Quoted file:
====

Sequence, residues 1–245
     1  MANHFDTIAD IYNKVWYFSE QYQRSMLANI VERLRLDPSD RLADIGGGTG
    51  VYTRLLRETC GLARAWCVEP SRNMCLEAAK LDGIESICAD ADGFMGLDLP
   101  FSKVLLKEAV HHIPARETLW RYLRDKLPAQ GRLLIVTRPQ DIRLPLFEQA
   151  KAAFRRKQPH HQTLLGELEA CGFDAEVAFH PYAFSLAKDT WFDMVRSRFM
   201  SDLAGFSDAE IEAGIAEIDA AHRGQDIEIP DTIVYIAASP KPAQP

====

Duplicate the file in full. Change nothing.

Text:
Sequence, residues 1–245
     1  MANHFDTIAD IYNKVWYFSE QYQRSMLANI VERLRLDPSD RLADIGGGTG
    51  VYTRLLRETC GLARAWCVEP SRNMCLEAAK LDGIESICAD ADGFMGLDLP
   101  FSKVLLKEAV HHIPARETLW RYLRDKLPAQ GRLLIVTRPQ DIRLPLFEQA
   151  KAAFRRKQPH HQTLLGELEA CGFDAEVAFH PYAFSLAKDT WFDMVRSRFM
   201  SDLAGFSDAE IEAGIAEIDA AHRGQDIEIP DTIVYIAASP KPAQP